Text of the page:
WEST ARNHEM AND KAKADU PROJECT
Protecting the Extraordinary Values of the Northern Territory’s Top End
Territory Natural Resource Management (TNRM) is working collaboratively with land managers, ranger groups and other organisations across the West Arnhem and Kakadu region to protect environmental assets from the negative impacts of invasive weeds, feral animals and destructive fires. The project is supported through funding from the Australian Government’s National Landcare Program.
The project is using a regional, collaborative approach to weed, feral animal and fire management activities to not only act against key threats, but minimise the risk and/or prevent these threats from spreading throughout the region. Through this approach, people are able to work on their own country, and their efforts benefit everyone across the region (eg. by removing gamba grass infestations in one area, gamba grass can no longer spread to neighbouring areas).
This project combines knowledge of country and on-ground works with aerial surveys and collation of available data to inform and prioritise planned activities.
A priority is preventing the spread of the highly invasive pyro-weed gamba grass into the West Arnhem and Kakadu region. A regional approach to managing feral buffalo numbers and impacts is also vital to protecting the natural values of the region.
The project involves knowledge sharing and establishing relationships to undertake participatory planning. This is necessary to guide land management activities that are supported by the project.
West Arnhem and Kakadu Region
Jabiru, Gunbalanya, Maningrida, Ramingining, Bulman, Katherine, Pine Creek
Mary River, Wildman River, South and East Alligator Rivers, Goomadeer River, Liverpool River, Blyth River, and parts of the Goyder River, Roper River and Daly River
9 million ha!
Through regional, collaborative action, individual efforts reduce the negative impacts of weeds, feral animals or destructive fires and prevent these threats from damaging neighbouring areas.
Prevent spread of gamba grass and other priority weeds into the West Arnhem and Kakadu (WAK) region - target: treatment across 40,000 Ha of land in the region.
Manage buffalo and other priority feral animals to reduce impacts on the WAK region - target: annual management of 50,000 Ha
Support fire management to improve the condition of 5000 Ha of Arnhem Land Plateau Sandstone
Increase community awareness about priority threats (i.e. weeds, ferals animals) to World Heritage Areas, Ramsar wetlands and Arnhem Land Sandstone Plateau values
Support collaborative planning and action to manage threats
RANGER ACTIVITIES ACROSS THE REGION
Overview of Ranger activities across the region as part of the West Arnhem and Kakadu project.
PROTECTING THE TERRITORY'S NATURAL ASSETS
The natural values of the region comprise sandstone country, floodplains, wetlands, major river systems like the East Alligator and South Alligator Rivers, monsoon rainforests and savanna (eucalypt woodland) country. Kakadu National Park, a living cultural landscape internationally recognised for its outstanding natural and cultural values, lies at the centre of the region. Kakadu is Australia’s largest terrestrial Park; an enormous area of World Heritage significance.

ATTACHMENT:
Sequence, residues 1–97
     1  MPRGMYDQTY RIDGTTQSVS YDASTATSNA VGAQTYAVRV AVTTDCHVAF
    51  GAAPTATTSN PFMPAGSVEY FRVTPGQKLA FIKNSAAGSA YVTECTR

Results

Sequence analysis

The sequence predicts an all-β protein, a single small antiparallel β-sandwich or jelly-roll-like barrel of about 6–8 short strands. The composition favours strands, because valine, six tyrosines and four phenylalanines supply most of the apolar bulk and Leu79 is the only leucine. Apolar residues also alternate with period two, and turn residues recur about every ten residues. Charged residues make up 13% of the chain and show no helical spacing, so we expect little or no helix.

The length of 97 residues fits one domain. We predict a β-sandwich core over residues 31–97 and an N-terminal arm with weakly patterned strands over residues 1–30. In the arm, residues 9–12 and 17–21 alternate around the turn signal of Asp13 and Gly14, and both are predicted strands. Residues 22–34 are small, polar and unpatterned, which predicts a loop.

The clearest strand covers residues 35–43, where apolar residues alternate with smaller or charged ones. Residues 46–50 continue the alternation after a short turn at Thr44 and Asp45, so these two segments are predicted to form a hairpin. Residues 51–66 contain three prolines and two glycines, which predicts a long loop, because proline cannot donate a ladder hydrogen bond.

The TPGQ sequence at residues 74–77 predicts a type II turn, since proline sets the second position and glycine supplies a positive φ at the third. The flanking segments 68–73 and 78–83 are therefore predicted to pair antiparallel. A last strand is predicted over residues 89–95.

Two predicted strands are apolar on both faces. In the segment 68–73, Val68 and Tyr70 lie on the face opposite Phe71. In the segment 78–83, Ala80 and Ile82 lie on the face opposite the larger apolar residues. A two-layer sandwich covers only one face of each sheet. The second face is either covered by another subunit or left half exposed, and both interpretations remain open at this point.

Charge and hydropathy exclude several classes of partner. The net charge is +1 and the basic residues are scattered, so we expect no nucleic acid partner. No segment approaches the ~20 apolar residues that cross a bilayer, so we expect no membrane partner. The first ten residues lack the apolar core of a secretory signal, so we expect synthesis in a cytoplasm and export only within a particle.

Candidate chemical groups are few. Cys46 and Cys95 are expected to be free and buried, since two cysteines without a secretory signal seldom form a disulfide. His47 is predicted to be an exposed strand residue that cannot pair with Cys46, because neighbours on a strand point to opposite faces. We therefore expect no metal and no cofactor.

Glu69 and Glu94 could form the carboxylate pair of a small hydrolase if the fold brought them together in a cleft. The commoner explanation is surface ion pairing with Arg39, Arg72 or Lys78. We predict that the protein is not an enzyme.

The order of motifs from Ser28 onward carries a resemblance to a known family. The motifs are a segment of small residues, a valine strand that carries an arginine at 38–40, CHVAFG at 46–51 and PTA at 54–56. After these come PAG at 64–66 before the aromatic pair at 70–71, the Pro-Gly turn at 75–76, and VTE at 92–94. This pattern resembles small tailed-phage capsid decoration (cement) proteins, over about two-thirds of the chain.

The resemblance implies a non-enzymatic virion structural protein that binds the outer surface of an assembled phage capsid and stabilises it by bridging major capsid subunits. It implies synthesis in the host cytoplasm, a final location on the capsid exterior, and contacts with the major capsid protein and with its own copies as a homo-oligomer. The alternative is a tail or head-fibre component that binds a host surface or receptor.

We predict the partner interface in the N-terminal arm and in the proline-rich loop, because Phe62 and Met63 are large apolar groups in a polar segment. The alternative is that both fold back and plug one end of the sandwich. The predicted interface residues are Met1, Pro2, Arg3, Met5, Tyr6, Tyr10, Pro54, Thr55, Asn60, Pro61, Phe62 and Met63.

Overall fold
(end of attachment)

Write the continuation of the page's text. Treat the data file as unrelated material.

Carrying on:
The habitats and ecosystems of the region support diverse assemblages of waterbirds, reptiles, native mammals, fish and frogs including endemic plants and animals and threatened species such as the Yellow Chat, White-throated Grasswren and native mammals (marsupials and rodents) that have declined in the past decades.
The area includes Ramsar wetlands and the plant communities and associated fauna of the Arnhem Land Plateau Sandstone Heath Threatened Ecological Community. Important cultural sites are dotted throughout the landscape, dating back many thousands of years.
Collaboration and consultation with traditional owners and Ranger groups including Jawoyn, Njanjma, Djelk, Warddeken, Adjumarllal, Mimal, Djurrubu, Wagiman and Arafura Swamp Ranger groups is a major focus of the project. Kakadu National Park (Parks Australia), NT Government departments, the Northern Land Council, researchers from Charles Darwin University and other stakerholders in the monsoonal north are also involved with the project.
The project helps protect key assets as part of the Australian Government's National Landcare Program:
•World Heritage Areas (Kakadu)
•Threatened Ecological Communities (Sandstone Heath shrubland complex)
•Threatened Species (Yellow Chat & White-throated Grasswren)
PLANNING FOR THE FUTURE
Looking forward, the project will further engage stakeholders in containing the spread of Gamba Grass and will develop a regional Gamba Grass Management Plan. It will deal with the issue of excessive buffalo numbers and raise awareness of the environmental effects of buffalo and other non-native animal species. The project also aims to reduce the extent of Mimosa (an identified Weed of National Significance) in Mekinj Valley, and will continue to work on the issue of severe fires in the sandstone heath.